Ah, the power of a television network executive. They have the ability to cancel or renew any TV show on a whim. And now you have that power -- or at least the chance to make your likes and dislikes known.
After a one-year hiatus, the Post-Gazette's "Kill 'Em or Keep 'Em" poll returns, and this time it's housed exclusively at our Web site, PG Online, in a new "On Air" TV and radio section at www.post-gazette.com/tv.
Just scroll down to the bottom of the page and click to begin casting votes.
We want to know which shows you like, which shows you hate and a little bit of demographic information about who you are. (This won't be sold to a junk e-mailing list; it's just to figure out who's interested in which show.)
Obviously this is not a scientific study (please don't vote more than once), and it's not realistic, either. There's no way "The Secret Lives of Men" will be back. It's dead. Buried. A bad memory in the minds of ABC executives. But maybe you liked it, despite the critical drubbing and low ratings. Here's your chance to have your voice heard. It may not do any good in terms of a show's longevity, but at least you'll have spoken.
Votes will be tallied on the Web site until May 9, and the results will be published in this column in early May. Results also will be sent to the entertainment presidents of each of the six broadcast networks before they set their fall schedules in mid-May.
On Air isn't just the home of this poll. It's also a resource for lots of TV and radio information. There are archives of TV articles, this column, Chuck Finder's TV sports column and Adrian McCoy's radio column.
There's a link for TV Listings, where you can get up-to-the-minute information about what's on TV every hour of the day.
The TV Connections link has a complete list of addresses, phone numbers and Web links for broadcast and cable networks, local stations and area cable companies.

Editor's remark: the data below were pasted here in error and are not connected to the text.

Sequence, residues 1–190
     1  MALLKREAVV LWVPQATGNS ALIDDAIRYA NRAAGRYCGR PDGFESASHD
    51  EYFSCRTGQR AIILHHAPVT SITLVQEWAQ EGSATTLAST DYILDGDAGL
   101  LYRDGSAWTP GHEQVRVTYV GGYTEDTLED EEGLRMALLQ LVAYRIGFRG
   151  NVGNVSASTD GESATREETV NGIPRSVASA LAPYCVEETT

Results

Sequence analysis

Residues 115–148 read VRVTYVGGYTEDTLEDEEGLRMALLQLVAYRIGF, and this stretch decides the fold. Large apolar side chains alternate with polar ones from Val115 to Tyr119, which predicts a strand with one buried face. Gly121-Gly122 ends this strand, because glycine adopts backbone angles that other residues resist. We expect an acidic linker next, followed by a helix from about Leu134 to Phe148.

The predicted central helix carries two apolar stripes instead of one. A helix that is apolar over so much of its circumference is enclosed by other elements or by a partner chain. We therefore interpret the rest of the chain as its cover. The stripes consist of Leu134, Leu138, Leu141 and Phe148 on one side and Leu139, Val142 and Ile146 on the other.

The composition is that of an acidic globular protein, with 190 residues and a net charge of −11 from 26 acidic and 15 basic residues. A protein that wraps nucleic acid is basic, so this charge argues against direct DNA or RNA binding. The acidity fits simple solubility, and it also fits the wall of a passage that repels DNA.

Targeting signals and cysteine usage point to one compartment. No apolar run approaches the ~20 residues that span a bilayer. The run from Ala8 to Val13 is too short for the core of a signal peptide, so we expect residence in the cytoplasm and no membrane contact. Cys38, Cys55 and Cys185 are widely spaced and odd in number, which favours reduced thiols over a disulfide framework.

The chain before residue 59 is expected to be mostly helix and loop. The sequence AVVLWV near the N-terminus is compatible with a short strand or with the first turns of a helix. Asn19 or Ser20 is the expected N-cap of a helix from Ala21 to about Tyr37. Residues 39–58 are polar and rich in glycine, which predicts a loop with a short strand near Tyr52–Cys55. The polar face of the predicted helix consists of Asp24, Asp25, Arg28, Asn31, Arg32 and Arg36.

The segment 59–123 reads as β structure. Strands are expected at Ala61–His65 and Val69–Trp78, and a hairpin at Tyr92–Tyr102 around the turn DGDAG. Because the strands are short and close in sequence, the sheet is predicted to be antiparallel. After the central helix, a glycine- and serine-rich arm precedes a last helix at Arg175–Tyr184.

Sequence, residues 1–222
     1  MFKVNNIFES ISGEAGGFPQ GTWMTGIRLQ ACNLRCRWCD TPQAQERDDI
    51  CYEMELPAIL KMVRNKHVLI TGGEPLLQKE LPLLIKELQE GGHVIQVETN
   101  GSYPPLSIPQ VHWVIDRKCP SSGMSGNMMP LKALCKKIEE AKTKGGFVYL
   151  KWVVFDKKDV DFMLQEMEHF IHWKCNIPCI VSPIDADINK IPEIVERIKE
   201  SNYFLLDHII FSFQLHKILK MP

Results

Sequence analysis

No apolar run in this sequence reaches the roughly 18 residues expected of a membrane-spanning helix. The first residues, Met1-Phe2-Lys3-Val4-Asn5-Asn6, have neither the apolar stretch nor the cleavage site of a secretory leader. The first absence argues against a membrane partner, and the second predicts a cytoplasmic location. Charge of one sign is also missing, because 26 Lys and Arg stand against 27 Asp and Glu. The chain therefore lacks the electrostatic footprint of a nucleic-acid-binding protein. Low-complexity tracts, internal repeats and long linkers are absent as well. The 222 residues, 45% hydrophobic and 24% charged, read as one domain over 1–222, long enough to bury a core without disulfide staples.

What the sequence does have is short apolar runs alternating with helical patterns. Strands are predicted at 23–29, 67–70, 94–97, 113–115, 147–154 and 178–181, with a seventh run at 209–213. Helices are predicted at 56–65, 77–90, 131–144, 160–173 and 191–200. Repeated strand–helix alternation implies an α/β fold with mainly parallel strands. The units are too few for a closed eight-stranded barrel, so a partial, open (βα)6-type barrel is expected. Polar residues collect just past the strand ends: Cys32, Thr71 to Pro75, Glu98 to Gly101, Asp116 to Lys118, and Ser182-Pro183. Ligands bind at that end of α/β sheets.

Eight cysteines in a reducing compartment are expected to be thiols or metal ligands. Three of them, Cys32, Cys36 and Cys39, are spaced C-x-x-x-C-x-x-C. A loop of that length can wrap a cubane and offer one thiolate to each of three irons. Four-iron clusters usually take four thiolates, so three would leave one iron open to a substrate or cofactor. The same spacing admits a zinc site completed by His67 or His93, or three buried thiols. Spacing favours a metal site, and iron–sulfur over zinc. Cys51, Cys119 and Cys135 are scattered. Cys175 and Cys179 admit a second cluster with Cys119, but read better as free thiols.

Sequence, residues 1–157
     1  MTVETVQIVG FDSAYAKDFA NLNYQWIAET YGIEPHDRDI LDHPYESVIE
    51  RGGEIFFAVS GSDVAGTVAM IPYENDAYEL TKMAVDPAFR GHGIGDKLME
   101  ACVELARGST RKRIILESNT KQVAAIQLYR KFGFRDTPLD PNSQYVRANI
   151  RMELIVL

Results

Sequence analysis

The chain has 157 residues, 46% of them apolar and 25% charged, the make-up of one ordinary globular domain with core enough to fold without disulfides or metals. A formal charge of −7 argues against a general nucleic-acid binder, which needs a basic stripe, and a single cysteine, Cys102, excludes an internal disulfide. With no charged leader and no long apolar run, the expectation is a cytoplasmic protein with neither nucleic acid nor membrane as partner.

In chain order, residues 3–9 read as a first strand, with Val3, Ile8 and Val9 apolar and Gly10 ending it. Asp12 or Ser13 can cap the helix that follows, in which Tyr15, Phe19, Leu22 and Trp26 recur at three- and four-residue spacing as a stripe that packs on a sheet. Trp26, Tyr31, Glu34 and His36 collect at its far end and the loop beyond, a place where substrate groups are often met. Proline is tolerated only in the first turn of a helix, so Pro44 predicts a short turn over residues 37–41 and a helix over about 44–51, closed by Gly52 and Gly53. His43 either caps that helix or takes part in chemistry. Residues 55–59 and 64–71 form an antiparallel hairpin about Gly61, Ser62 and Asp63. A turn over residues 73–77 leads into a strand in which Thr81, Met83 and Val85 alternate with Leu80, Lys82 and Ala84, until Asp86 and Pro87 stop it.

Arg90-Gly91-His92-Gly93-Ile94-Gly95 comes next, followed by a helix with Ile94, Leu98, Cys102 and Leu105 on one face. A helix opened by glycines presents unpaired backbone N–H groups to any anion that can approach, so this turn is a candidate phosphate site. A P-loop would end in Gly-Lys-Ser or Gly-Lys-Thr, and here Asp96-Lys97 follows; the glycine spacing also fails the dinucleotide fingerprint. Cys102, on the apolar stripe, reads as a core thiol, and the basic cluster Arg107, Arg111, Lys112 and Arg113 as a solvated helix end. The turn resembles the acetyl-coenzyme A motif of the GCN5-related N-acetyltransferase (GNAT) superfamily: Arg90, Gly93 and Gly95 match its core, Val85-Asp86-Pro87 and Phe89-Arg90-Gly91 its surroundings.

Some of this runs in TV Week, but it's always dependent on space. Now the information is just a few keystrokes away. Plus, I've included the addresses for both the news and entertainment divisions of the broadcast networks. If you want to rant at Tom Brokaw, pick NBC News; if you want to complain about the cancellation of "Another World," send it to NBC's entertainment division.
Radio Connections contains a list of all the local radio stations, divided into the AM and FM band, with links to stations that maintain their own Web sites.
PG Online Talk is a forum where viewers can sound off on whatever bothers them. Chat about local news anchors, prime time or anything TV related. I'll try to drop by regularly to answer questions and spur discussion.
OOPS: The ending of Tuesday's "Jeopardy!" didn't match the rest of the show. WPXI program director Mark Barash said there are two different tapes for each show and human error is to blame for the airing of a Final Jeopardy! segment from a week ago.
Barash said the station ran a crawl with the winner's name (Helen Petrow) and her five-day winnings total ($43,000) during "Wheel of Fortune."
WHEN YOU ASSUME... WPXI has been airing a promo that says Dr. Mike Rosen is "Pittsburgh's only medical reporter who is a doctor." That's not true. My colleague, Post-Gazette medical reporter Anita Srikameswaran, is also a physician. Channel 11 needs to rewrite its spot to make clear Rosen is "Pittsburgh's only medical reporter on TV who is a doctor."
LOCAL APPEARANCE: Carol Marin, a veteran Chicago broadcast journalist, will speak as the second Marie Torre lecturer at Carlow College's Kresge Theater at 7:30 tonight.
Marin came to national attention when she quit as the NBC affiliate anchor in Chicago after the station briefly hired Jerry Springer to do commentaries for the newscast. She now works as an investigative reporter at Chicago's CBS affiliate WBBM and reports for the network's "60 Minutes II."
In a phone interview, Marin said the biggest problem facing local stations is a willingness to spend money to do the job right.
"Once local news became a profit center as opposed to a loss leader, we began with each passing day to speak less and less of our function as a public trust and more in simple business terms," Marin said. "Yes, we need to make money to survive, but we must also be a public trust. When you're not satisfied with a 45 percent profit margin, there's something crazy going on."
Marin said stations need enough news personnel to provide more in-depth coverage. The increase in the number of newscasts means reporters have to do more stories (or multiple versions of the same story) each day.
"You can't achieve the depth or context or dimension if the way you're judging that reporter is appearance by appearance," Marin said. "It's one thing to be there in front of the camera, it's another to have something to say."
Marin said a station's reputation is earned doing hard news stories that take time and require depth. And those stories require the necessary resources.
"Resources mean you can go past the nearest crime scene and do three interviews for a story and into some complexity," she said. "It boils down to saying, 'I'm going to invest my capital and my energy in this product,' and there's where I think things have broken down in so many places."
Rob Owen can be reached at 412-263-2582 or firstname.lastname@example.org.